Dutch man illegally fathers 102 children

family law

A man in the Netherlands may have illegally fathered as many as 102 children by donating sperm to multiple clinics.

Men who wish to be donors in the country must sign a contract with their clinic of choice in which they promise they will not donate to other fertility centres. However this declaration is rarely checked and enforced. Dutch law states that such men cannot have more than 25 biological children. This rule was designed to limit the possibility of children conceived this way growing up to form romantic relationships with people they do not realise are their half-siblings.

Speaking to Dutch media, the man, who has not been named, insisted that his motivation was not to have as many children as possible but because he likes “to make people happy”. Donating “makes [him] feel helpful” and the “gratitude of doctors and prospective parents is great” he claimed. The clinics he visited were “happy if they have a donor who passes the screening” he explained, adding that his sperm was “often immediately used”.

This man had not been the only one found to have donated to more than one clinic in the Netherlands. Another was recently tracked down by the authorities but he had only fathered two children.

In response to these revelations the Nederlandse Vereniging voor Obsteterie & Gynaecologie, the Dutch Society of Obstetrics and Gynaecology, demanded that fertility clinics immediately stop using donations from the two men.

Following a recent analysis of official data on donors, the Dutch Ministry of Public Health has warned that there is a significant lack of oversight for fertility clinics. The government has since launched an investigation into the matter.

Photo by Anna & Michal via Flickr under a Creative Commons licence.

Stowe Family Law Web Team

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Paul - August 28, 2017 at 1:28pm

Uk clinics are now desperatly short of doners now that some ‘Idiot’ court ruled that they can persue doners for child maintainance lol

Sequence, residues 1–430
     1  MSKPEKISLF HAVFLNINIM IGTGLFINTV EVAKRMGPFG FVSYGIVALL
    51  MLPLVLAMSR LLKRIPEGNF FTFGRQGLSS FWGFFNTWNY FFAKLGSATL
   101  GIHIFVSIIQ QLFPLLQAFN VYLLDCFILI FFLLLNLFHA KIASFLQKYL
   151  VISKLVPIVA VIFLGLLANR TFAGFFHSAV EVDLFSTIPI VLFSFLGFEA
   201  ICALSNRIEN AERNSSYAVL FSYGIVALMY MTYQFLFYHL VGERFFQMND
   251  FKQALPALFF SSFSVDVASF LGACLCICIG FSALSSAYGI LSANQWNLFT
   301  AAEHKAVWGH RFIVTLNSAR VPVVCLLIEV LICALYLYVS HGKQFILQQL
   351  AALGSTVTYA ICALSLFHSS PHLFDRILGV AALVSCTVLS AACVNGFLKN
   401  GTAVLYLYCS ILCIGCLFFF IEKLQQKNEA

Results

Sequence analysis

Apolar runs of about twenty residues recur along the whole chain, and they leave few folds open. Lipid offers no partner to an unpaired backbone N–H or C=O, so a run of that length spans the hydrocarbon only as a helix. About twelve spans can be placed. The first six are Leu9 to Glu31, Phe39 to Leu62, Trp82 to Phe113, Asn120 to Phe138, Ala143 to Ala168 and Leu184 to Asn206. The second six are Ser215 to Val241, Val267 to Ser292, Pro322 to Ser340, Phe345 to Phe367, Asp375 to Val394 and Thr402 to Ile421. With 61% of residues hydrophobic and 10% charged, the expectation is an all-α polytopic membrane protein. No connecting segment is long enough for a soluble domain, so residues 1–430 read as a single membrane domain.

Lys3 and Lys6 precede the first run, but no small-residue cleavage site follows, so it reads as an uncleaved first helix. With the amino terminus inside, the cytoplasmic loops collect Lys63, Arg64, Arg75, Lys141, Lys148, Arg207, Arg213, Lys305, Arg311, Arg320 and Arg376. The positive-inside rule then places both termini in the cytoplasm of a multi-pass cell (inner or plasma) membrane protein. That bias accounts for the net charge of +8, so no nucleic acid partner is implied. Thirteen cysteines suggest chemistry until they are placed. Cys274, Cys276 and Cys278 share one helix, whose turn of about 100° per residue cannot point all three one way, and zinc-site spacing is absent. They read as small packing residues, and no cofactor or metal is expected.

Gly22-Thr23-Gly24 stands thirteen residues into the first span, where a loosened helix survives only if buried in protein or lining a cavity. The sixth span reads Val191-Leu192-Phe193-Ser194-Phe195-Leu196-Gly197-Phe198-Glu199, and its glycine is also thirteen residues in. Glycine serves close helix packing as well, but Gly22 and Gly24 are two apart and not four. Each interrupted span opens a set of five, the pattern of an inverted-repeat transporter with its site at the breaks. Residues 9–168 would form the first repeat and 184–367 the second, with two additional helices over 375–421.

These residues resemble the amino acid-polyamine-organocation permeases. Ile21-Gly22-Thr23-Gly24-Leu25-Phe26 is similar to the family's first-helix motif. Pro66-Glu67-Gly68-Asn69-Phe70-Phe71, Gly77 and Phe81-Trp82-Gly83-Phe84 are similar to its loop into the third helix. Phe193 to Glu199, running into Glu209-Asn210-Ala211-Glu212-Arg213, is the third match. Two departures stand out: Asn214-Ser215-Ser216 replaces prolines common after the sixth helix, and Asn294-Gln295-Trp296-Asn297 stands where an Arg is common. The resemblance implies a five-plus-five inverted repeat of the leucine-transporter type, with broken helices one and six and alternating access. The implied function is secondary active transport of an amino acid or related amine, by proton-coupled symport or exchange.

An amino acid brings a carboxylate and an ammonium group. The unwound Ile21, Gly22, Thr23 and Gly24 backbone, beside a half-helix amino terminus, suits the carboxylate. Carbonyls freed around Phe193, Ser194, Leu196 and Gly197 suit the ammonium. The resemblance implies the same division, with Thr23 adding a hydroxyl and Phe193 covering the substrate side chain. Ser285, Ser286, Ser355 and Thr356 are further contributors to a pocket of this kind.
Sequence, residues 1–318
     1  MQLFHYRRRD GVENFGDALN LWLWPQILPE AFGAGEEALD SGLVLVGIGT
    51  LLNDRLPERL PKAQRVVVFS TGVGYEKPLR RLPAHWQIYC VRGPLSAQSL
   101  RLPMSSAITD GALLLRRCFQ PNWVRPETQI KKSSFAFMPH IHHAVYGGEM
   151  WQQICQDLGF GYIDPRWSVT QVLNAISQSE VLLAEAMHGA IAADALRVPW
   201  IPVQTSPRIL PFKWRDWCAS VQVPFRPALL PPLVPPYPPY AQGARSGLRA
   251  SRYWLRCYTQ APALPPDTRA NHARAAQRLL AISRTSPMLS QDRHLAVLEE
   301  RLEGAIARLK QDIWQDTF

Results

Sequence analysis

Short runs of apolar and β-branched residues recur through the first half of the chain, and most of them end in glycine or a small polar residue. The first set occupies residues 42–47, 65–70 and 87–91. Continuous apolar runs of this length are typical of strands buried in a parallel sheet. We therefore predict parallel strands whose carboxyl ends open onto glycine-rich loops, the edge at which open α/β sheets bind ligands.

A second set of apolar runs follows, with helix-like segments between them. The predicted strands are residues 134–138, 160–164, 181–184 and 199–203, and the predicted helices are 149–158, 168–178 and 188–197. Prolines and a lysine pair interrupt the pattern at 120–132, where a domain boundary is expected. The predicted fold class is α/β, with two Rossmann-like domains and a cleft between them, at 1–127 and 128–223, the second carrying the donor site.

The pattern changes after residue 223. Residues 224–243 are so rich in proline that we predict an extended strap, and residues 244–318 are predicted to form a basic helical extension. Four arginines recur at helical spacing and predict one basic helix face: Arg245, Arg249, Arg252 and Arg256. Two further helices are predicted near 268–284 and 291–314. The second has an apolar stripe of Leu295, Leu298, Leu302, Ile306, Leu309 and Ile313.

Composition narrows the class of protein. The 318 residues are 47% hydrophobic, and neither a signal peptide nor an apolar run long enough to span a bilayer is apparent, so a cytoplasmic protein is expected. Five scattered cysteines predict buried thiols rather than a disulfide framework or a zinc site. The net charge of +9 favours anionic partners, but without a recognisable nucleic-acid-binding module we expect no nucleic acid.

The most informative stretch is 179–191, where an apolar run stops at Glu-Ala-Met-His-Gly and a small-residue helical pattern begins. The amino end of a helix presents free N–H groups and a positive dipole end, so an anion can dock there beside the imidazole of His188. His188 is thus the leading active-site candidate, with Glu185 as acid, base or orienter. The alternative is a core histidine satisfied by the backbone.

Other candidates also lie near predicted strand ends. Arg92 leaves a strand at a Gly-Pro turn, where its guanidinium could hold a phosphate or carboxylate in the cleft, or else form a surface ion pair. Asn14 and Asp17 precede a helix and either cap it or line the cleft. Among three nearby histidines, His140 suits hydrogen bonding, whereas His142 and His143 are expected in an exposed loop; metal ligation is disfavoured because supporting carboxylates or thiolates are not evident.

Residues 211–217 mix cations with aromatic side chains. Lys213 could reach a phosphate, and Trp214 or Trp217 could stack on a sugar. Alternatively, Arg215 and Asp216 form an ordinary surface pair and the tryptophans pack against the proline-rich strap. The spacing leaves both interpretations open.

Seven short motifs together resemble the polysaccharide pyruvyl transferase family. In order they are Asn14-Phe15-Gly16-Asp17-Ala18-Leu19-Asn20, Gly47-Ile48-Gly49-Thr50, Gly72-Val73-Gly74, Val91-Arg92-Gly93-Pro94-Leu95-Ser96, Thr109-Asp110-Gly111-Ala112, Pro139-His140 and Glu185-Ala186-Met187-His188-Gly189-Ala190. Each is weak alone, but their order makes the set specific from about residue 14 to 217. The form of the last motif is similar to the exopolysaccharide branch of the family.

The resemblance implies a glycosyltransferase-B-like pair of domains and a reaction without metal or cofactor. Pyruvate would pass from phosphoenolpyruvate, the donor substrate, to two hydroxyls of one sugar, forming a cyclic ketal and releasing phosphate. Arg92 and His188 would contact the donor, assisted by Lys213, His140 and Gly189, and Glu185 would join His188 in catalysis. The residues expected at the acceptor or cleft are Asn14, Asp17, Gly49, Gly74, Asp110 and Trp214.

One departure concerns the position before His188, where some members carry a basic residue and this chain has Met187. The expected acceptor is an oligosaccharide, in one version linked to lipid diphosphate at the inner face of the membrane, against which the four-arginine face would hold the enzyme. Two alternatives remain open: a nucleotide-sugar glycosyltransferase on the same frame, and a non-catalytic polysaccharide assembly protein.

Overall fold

The mind boggles how they came to that ruling lol.

Andrew - August 29, 2017 at 11:19am

Not quite, Paul. I know of no case where the courts in any part of the UK have done that.
Parliament in its wisdom decided that if you donate after the law changed – 2005, I think – the child can trace the father on reaching 18, so it will kick in in 2023. Provided you jump through the correct legal hoops there will be no liability for maintenance and no inheritance rights. If you know of any case which went the other way it will be the result of “private” informal arrangements which are not a good idea in this context.
The supply dried up (not sure that’s quite the verb I want . . .) because (1) the young men concerned, mostly students, did not want a stranger turning up and saying “Hello, Dad” when they were in their early forties and would probably have homes and wives and children already in place (2) they might come under considerable moral pressure to give even without legal liability, if the man has done well and the youngster has nothing (imagine the Daily Mail or the Guardian if he is prominent and unpopular with them!) and (3) they cannot trust DWP or whatever it is called this week and HM Treasury not to change the rules retrospectively.
I would call it the law of unintended consequences but the Department concerned were warned and did it anyway. An act of folly.

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